Cleveland Browns defensive end Myles Garrett (95) hits Pittsburgh Steelers quarterback Mason Rudolph (2) with his own helmet as offensive guard David DeCastro (66) tries to stop Garrett during the fourth quarter Thursday night, Nov. 14, in Cleveland. (Ken Blaze/USA TODAY Sports)

Cleveland Browns defensive end Myles Garrett was suspended indefinitely without pay for his role in a melee in Thursday’s game against the Pittsburgh Steelers, as the NFL reacted with swift and harsh penalties one day after the ugly incident.

The minimum six-game suspension for Garrett, which would extend to the playoffs if the Browns advance, is the largest ever handed out by the NFL for a single-game incident.

Also suspended for their role in the fracas, notable for Garrett swinging a helmet at Steelers quarterback Mason Rudolph, was Browns defensive lineman Larry Ogunjobi (one game and a fine) and Steelers offensive lineman Maurkice Pouncey (three games and a fine.)

The Browns and Steelers organizations also were fined $250,000 each.

Garrett released a statement Friday afternoon.

“Last night I made a terrible mistake,” the statement read. “I lost my cool and what I did was selfish and unacceptable. I know that we are all responsible for our actions and I can only prove my character through my actions moving forward. I want to apologize to Mason Rudolph, my teammates, our entire organization, our fans and the NFL. I know I have to be accountable for what happened, learn from my mistake and I fully intend to do so.”

Browns owners Jimmy and Dee Haslam issued a statement shortly after the NFL handed down the discipline.

“We are extremely disappointed in what transpired last evening at the end of our game,” the statement said. “There is no place for that in football and that is not reflective of the core values we strive for as an organization. We sincerely apologize to Mason Rudolph and the Pittsburgh Steelers. Myles Garrett has been a good teammate and member of our organization and community for the last three years but his actions last night were completely unacceptable. We understand the consequences from the league for his actions.”

The incident started after Rudolph dumped off a short pass. After getting knocked down, Rudolph appeared to grab at Garrett’s helmet before Garrett ripped off Rudolph’s helmet and, with Steelers’ offensive linemen attempting to intervene, hit the quarterback in the head with it.

“It was bush league,” Rudolph, who was uninjured, told reporters afterward. “Total coward move on his part. I get it. I mean it’s OK, though. I’ll take it. I’m not going to back down from any bully out there.”

Rudolph did not initially fall from the hit by the helmet, as he turned to officials with his hands raised, but Ogunjobi charged at him from behind and shoved him to the ground.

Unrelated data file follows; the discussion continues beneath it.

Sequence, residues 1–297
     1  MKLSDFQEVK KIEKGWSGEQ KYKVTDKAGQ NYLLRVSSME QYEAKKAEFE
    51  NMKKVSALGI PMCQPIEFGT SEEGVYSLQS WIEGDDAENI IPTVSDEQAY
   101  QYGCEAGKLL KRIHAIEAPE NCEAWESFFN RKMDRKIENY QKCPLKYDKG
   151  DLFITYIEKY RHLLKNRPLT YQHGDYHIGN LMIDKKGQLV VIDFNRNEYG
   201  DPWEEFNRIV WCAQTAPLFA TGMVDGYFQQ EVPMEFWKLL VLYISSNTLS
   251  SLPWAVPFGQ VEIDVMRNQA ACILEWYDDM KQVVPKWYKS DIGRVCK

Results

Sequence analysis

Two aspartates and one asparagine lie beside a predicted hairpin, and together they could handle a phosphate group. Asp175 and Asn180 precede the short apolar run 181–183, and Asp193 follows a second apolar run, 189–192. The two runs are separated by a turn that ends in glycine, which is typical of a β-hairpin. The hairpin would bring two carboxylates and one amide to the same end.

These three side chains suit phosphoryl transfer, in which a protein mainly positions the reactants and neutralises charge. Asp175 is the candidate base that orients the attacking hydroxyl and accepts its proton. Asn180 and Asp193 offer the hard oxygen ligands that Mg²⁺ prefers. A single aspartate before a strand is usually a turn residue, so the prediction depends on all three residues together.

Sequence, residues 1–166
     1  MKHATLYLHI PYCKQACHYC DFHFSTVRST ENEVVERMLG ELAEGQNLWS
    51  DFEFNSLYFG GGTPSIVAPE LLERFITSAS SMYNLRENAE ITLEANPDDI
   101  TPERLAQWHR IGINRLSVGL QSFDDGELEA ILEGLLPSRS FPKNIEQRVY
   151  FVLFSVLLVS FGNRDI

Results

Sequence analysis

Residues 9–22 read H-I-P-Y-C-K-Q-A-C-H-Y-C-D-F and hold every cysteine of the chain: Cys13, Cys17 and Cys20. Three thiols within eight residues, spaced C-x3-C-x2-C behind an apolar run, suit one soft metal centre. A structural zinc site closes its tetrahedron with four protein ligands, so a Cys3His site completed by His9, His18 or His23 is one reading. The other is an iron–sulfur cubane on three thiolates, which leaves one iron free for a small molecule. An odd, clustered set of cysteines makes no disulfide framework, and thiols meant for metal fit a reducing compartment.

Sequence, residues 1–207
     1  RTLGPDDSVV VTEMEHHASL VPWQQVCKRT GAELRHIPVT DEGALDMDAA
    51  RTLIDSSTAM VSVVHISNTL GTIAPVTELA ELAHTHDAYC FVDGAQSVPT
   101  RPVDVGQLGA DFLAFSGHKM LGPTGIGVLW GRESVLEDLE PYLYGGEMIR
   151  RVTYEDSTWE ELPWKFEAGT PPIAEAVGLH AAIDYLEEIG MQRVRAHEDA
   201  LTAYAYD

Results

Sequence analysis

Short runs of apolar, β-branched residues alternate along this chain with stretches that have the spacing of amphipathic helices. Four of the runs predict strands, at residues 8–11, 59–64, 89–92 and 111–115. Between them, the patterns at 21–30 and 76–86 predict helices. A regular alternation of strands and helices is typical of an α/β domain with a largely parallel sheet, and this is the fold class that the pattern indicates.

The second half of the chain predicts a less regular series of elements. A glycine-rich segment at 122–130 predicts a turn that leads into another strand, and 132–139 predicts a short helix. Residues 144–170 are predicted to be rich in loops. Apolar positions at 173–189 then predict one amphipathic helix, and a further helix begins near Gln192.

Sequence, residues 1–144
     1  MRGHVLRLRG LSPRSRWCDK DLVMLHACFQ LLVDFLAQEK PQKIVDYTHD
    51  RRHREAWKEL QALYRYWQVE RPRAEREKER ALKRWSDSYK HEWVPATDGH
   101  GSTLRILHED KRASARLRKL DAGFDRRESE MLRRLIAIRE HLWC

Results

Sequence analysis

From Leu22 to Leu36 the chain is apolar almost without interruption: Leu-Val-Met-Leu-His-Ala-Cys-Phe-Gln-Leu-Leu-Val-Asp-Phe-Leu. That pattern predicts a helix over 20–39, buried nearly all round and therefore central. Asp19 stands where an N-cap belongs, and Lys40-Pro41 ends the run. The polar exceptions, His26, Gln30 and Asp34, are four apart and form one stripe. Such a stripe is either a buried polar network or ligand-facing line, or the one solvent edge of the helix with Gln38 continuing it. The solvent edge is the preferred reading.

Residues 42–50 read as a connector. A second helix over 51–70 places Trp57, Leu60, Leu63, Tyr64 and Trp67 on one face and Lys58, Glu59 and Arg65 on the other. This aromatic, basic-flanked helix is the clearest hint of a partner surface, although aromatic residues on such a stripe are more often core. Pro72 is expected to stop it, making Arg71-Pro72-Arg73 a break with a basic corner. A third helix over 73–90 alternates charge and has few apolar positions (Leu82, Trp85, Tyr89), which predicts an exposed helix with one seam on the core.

Meanwhile, Steelers offensive lineman David DeCastro tackled Garrett, and Pouncey jumped on the pile, throwing several punches at Garrett before kicking at him once and throwing more punches.

After conferring with replay officials in New York, referee Clete Blakeman ejected Garrett, Ogunjobi and Pouncey. That made four ejections in the game, after Browns safety Damarious Randall was disqualified following a helmet-to-helmet hit that concussed Steelers wideout Diontae Johnson in the third quarter.

Before Garrett can be reinstated, he has to first meet with the commissioner’s office in New York. In addition to not being paid for the games he will miss, he was also fined an undisclosed amount.

In a statement, the NFL said that further discipline to players “will be forthcoming through the standard accountability process, including those players that left the bench to enter the fight area.”

The suspensions can be appealed within three business days.

The previous record suspension was five games in 2006 for the Tennessee Titans’ Albert Haynesworth after he stomped on the head of the Dallas Cowboys’ Andre Gurode and caused lacerations that required 30 stitches.

Rudolph called the incident both “cowardly” and “bush league.” Garrett expressed regret for his actions.

“What I did was foolish, and I shouldn’t allow myself to slip like that,” Garrett said after Thursday’s game. “That’s out of character, but a situation like that where it’s an emotional game, and I allowed myself to fall into those emotions with what happened.”

The most serious punishment for an on-field incident in NFL history was a five-game suspension in 2006, also for Haynesworth, after he stomped on the head of the Dallas Cowboys’ Andre Gurode and caused lacerations that required 30 stitches. Gurode did not press criminal charges or file a criminal lawsuit.

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